As far as ramen goes, I have had better in Los Angeles. But in Seoul? Not as of yet.

After dinner, we were enthralled by a cupcake cafe next door called Sweetpea because of their display of tiny cupcakes. Being the two manly men that we are, we decided to head in and order these dainty pastries. The cafe has two sizes of cupcake to choose from, large (3,800 won) and small (900 each). I chose dark chocolate and strawberry, while Dan picked green tea and peanut butter.

We took a seat at a pale green table with pin-up cushions on the seats and stared awkwardly at each other. Dan noted that this was the type of place you would take a girl, and I giggled and told him to stop it. Our cupcakes came on a small plate, and in between taking pictures and being in awe of how cute the place was, I realized that the cake itself had been made recently as I watched the adorable baker mix up another batch of batter and that the frosting had been made to order. I appreciate the craft of the cupcake, and though some might call them a 'fad', it's a damn cute fad and I'm not afraid to say that. I'm all man (recognize).

Having given up my masculinity, I will say that the cake itself was a bit dry but crisp, an interesting combination and one I've never had in a cupcake. The frosting was sweet but not overly, the cocoa in my mini chocolate balanced with the chocolate cake, and the strawberry was fresh and nostalgic.

It's a good thing these two are next to each other. After a large bowl of ramen, it's nice to have something sweet to follow up that garlicky goodness. Even if you are left as manly as a four year old.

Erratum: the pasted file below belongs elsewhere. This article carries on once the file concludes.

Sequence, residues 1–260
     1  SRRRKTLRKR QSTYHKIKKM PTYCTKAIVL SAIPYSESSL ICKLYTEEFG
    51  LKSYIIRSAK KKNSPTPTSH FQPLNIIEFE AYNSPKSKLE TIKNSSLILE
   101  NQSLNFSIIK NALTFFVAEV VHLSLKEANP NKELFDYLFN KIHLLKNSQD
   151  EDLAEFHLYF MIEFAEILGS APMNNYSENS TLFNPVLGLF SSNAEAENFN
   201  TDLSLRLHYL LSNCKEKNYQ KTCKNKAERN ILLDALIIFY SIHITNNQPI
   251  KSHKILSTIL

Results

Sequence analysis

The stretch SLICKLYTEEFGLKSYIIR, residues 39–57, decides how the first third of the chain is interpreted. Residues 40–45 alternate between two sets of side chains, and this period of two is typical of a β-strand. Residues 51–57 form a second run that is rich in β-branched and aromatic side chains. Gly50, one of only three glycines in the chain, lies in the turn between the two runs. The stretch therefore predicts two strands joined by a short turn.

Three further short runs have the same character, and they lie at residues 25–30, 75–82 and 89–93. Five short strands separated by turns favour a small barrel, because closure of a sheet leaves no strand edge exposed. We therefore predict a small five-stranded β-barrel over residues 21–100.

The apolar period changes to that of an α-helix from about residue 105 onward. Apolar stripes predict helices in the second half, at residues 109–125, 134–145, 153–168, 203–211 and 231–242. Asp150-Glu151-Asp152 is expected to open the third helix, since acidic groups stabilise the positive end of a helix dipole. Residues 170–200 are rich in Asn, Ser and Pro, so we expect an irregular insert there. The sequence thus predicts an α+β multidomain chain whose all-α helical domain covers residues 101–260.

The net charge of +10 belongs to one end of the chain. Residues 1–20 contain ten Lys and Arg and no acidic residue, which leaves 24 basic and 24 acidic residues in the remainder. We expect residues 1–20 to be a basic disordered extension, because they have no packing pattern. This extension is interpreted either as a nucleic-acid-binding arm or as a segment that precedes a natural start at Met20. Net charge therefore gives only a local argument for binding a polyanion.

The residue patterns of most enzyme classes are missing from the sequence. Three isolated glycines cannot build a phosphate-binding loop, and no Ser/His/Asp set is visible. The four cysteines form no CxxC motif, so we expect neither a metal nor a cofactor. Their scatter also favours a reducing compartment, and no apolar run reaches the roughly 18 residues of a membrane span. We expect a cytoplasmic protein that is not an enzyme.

Sunday, November 29, 2009

Travelling without moving (through a coffee convention).

The 8th Annual International Cafe Show 2009 and Fancy Food Fest






November 29th, 2009: 12:03 PM
Text message sent from my phone:
I think I can see space time.

I arrived at the COEX mall in Gangnam with mild expectations. I knew that there would be a festival. I assumed that there would be a 'fancy' food festival, as was described here, but I had no clue what that meant. Are we talking gastronomy or Fancy Feast? The website is unclear. I did know that it was a mere 5k to enter, and for that price I'd have thought the latter. I saw no pictures of cats. I assumed there would be cats. There turned out to be cat turds. More on that later.

As I stepped in to Hall C, I could feel the caffeine in the air. This was a concentrated mix of baristas, roasters, salesmen, chocolatiers, bakers, and tea-gurus. Most were masters in some way or another. Green, unroasted coffee beans sat in trays on tables, brewing equipment of all shape and size screamed at my wallet, and my fingers began to twitch, sensing the oncoming coffee high. There is nothing like the sweet scent of roasting coffee. It's one of my favorite things about Seoul. Everywhere I go, that scent changes the unfamiliar in to the familiar. It's like grandma pulling cookies out of the oven, only in this case grandma is the oven. It takes the drama out of danger and leaves only a question of how, rather than why, which is something everyone can cope with while having a nice cup of coffee.